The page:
Amongst the bustle of Chelsea’s many illegal dispensaries, a licensed one by the name of Verdi has finally arrived, marking the neighborhood’s first legal weed shop. Unlike many of the initial New York dispensaries, Verdi is family-owned and operated, as well as self-funded. While the market is only a year old, this venture was decades in the making for the Soodak family, with the initial pieces moving even before the founder was born. Though the beginnings were marked with tragedy, it led way to an alternative dream.
Chelsea’s First Legal Dispensary: Verdi Cannabis
Not only is Verdi family-owned, it is ran by a family that has been in New York City’s regulated retail market and the city for generations. Founder Ellis practically grew up on the second floor of Union Square Wines, where his father, Mitchell Soodak, has operated for over 50 years, following in his grandfather’s footsteps.
“I always idolized my dad for having his own business and for having a store. It’s just always made sense as like the platonic ideal of one’s career that someone comes in and they give you money, and you give them a product, and you’re both happier for it. That is truly business to me.”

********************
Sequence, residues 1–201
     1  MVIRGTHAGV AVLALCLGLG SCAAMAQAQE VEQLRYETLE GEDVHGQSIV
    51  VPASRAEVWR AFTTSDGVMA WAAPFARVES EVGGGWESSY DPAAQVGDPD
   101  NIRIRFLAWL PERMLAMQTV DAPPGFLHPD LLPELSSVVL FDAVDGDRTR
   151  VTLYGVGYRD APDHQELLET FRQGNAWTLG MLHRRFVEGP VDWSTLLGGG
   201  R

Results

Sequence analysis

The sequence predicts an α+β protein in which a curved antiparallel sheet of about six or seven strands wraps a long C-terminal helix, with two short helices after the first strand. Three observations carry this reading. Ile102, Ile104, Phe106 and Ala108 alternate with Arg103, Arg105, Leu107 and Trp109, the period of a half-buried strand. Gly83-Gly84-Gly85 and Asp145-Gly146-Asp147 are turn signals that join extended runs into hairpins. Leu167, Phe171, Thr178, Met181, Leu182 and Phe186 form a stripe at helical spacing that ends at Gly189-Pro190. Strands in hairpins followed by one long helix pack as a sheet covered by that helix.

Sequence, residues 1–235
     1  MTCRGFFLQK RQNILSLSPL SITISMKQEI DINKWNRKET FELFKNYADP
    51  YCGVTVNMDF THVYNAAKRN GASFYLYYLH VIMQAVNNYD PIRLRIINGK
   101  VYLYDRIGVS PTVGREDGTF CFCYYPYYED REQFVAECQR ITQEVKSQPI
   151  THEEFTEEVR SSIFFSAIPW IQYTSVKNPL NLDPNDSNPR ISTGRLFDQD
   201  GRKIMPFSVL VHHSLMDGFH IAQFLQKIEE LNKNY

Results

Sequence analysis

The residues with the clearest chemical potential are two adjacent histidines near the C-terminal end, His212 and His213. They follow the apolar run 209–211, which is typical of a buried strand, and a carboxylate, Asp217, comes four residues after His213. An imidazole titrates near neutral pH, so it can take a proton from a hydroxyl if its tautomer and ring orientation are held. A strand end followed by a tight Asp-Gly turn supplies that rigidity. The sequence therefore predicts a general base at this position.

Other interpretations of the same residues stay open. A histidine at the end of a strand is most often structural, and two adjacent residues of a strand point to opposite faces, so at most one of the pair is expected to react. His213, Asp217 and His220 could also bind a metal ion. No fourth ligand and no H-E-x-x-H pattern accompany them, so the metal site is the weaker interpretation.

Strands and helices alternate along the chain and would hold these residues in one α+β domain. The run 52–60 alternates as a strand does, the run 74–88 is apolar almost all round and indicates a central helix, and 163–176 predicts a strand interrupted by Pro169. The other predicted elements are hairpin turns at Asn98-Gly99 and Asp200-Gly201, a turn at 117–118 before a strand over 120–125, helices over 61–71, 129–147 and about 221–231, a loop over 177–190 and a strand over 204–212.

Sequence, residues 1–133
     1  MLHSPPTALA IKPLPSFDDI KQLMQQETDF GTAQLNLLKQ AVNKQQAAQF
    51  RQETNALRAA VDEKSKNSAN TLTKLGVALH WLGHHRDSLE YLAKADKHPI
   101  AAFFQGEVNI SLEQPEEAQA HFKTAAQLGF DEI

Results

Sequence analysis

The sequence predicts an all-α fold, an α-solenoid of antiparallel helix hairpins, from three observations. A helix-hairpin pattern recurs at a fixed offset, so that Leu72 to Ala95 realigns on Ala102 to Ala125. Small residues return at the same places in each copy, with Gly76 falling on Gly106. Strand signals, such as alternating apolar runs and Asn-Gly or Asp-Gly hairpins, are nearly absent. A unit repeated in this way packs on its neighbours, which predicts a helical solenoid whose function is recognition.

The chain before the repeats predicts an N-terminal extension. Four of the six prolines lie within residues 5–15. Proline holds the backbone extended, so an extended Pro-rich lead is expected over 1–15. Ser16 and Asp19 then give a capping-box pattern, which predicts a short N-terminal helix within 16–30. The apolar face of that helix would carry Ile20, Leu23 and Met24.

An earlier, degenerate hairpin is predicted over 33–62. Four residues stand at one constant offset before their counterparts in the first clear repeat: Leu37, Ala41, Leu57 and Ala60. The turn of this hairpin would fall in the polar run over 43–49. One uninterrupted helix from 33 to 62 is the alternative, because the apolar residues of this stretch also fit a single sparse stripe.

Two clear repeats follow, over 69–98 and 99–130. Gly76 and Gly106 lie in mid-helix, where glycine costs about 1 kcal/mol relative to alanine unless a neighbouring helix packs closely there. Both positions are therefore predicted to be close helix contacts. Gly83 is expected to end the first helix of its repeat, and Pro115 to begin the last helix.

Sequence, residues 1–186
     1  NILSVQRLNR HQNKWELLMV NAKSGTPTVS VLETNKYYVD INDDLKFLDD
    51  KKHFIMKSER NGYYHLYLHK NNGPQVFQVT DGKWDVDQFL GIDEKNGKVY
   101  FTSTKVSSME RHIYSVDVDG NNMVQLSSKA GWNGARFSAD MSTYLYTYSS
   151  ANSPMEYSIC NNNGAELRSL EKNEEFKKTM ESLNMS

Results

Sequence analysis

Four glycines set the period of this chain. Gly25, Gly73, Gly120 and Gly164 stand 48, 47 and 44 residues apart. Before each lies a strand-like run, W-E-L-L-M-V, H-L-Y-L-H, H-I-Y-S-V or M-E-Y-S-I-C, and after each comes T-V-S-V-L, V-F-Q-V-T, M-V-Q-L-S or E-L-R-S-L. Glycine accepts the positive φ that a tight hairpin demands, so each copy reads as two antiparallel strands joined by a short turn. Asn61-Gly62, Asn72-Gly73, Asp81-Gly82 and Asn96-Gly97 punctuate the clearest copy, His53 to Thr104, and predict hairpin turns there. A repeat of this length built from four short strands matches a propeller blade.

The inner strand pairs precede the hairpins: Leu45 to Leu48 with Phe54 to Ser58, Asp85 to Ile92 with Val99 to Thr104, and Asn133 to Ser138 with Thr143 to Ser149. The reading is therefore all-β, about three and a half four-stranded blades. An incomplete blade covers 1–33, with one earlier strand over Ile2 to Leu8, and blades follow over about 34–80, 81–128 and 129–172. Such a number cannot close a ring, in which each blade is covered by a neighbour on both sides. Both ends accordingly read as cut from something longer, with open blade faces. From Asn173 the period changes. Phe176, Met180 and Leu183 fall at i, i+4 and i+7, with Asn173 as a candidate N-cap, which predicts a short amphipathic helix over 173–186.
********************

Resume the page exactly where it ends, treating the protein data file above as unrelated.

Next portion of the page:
Ellis Soodak, Founder & Co-Owner of Verdi Cannabis
Though Ellis’ father was unable to fulfill his grandfather’s wish of a father-son business due to a family tragedy, Ellis is giving his father, and himself, a chance to finally fulfill that dream. In a way, “it feels like destiny,” says Ellis.
In 1972, Mitchell Soodak was arrested for a non-violent cannabis charge while in college at SUNY Stonybrook. This arrest led to the untimely and unfortunate death of his father, who had a stroke due to the stress of his son’s arrest.
“They threw a party, and it got out of hand. The police came and arrested everyone and then let everyone go except for my dad and his friends because they were on the lease. They searched the place and found the suitcase [of weed]. So now they’re facing felony charges. One of their dads came and bailed them out. They’re back at the house, and my dad’s high in the kitchen. He overhears his friends say, ‘Well, Mitch’s name is on the suitcase, why don’t we throw him under the bus?’ Ellis shares, touching on the origins of what qualified the Soodak family for a license.
“He freaked out and called his dad, and his dad went, ‘Mitchy, Mitchy, Mitchy. Don’t worry about it. I’ll handle it in the morning.’ And sure enough, the next morning at 6 am, he gets a call that his dad just had a stroke and he’s dead. The stress over his son’s arrest killed my grandfather. He died at the age of 45. He never wanted my dad to be in college. He was like, ‘What are you doing with this school thing? You’re just doing drugs. Come on, drop out. Help me run the liquor store. We’ll do a father-son business.’ And, you know, he never got to do that with his dad.”